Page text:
Northern Isles Parliamentarians have called on Scottish Ministers to fully consider and openly engage with all potential approaches to easing lockdown restrictions, following further statements by Professor Hugh Pennington of the University of Aberdeen before the Scottish Parliament’s Health Committee today (Tuesday).
During the virtual evidence session, Professor Pennington said that the northern isles “could really do something different” in terms of moving away from lockdown. The academic suggested that the next stages of coronavirus containment could be developed earlier in the islands, “but only if we had a comprehensive testing strategy in those places to make sure that the virus wasn’t going under the radar”.
Shetland and Orkney’s parliamentarians, Beatrice Wishart MSP, Liam McArthur MSP and Alistair Carmichael MP have called on the Scottish Government to provide assurances that they will engage meaningfully with Professor Pennington’s proposals and be open to considering how they might be implemented safely.
Mr McArthur commented:
“Public safety must be paramount as decisions are taken about how and when the current restrictions might be lifted. In that context, however, Professor Pennington’s suggestions, which have already attracted a great deal of interest in Orkney and other island communities, deserve serious and urgent consideration.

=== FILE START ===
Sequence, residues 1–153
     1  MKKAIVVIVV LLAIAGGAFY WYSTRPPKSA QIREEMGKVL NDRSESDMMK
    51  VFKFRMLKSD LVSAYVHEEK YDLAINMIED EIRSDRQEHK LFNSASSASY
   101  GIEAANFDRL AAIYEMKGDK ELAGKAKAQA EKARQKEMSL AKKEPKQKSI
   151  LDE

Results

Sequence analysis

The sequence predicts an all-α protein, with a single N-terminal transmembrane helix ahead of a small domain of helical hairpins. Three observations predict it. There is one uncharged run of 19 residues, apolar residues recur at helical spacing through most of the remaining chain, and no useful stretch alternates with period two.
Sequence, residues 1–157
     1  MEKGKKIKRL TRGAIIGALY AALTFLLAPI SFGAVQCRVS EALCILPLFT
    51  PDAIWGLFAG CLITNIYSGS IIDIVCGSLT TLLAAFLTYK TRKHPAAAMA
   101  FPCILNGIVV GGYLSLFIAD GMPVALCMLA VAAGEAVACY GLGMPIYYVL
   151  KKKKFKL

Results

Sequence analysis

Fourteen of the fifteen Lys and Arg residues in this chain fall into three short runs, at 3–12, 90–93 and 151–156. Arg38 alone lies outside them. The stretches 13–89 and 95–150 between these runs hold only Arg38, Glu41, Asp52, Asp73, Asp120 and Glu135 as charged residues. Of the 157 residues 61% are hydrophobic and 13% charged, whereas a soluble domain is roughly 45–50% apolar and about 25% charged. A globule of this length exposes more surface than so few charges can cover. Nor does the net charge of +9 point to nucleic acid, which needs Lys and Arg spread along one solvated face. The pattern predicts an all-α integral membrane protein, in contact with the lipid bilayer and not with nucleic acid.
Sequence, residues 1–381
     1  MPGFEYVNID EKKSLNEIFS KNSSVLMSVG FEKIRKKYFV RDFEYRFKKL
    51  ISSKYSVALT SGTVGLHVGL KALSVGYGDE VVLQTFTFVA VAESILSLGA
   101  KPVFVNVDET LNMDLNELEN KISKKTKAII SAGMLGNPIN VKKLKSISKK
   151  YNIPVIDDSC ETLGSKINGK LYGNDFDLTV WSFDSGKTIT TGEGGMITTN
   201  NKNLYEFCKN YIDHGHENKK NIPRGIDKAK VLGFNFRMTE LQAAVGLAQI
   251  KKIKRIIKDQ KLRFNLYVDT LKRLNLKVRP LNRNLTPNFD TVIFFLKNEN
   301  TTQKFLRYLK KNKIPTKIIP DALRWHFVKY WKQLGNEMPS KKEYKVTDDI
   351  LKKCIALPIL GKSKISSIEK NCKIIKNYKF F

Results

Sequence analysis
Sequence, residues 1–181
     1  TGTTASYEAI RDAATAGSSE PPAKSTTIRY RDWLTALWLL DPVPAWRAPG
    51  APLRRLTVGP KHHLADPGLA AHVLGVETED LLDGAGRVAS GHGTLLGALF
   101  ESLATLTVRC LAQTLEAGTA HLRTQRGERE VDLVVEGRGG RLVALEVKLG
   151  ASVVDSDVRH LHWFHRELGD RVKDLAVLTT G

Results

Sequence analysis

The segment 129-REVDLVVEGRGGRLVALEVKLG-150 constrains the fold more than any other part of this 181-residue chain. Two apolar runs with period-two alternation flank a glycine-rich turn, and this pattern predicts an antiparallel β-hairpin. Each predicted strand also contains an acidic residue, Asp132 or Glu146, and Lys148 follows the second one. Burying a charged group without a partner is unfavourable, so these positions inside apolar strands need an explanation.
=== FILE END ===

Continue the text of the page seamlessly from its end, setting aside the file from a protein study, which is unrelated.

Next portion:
“If the Scottish Government genuinely want to treat the Scottish public ‘as grown ups’ then suggestions like these need to be dealt with in a transparent manner.
“I have already written to both the Health Secretary and the First Minister to make this point, and to seek clarity on what consideration is being given to a more localised approach for the islands. It is important that all options to tackling the coronavirus remain on the table during this unprecedented time.”
Ms Wishart commented:
“As we consider how to move away from lockdown, the policy needs to be guided by the best evidence available, and Professor Pennington’s comments add to that mix.
“The Scottish Government need to be open about how they are engaging with these suggestions, so that the people at the other end of them can have confidence in what they are being told to do.
“As Professor Pennington has said, if the islands would benefit from a different approach this will need to be backed up by a reliable testing and tracing regime. There are reasonable questions to be asked about whether more localised approaches would lead to better outcomes but next steps need to be taken safely.”
Mr Carmichael commented:
“I hope that the Scottish Government will engage with these proposals seriously. That engagement must, however, also include close cooperation and discussion with local communities to ensure public confidence in safety.
“This is not a plan that can be run centrally. Local input and know-how is key and islanders should be at the heart of how we translate these proposals into action.”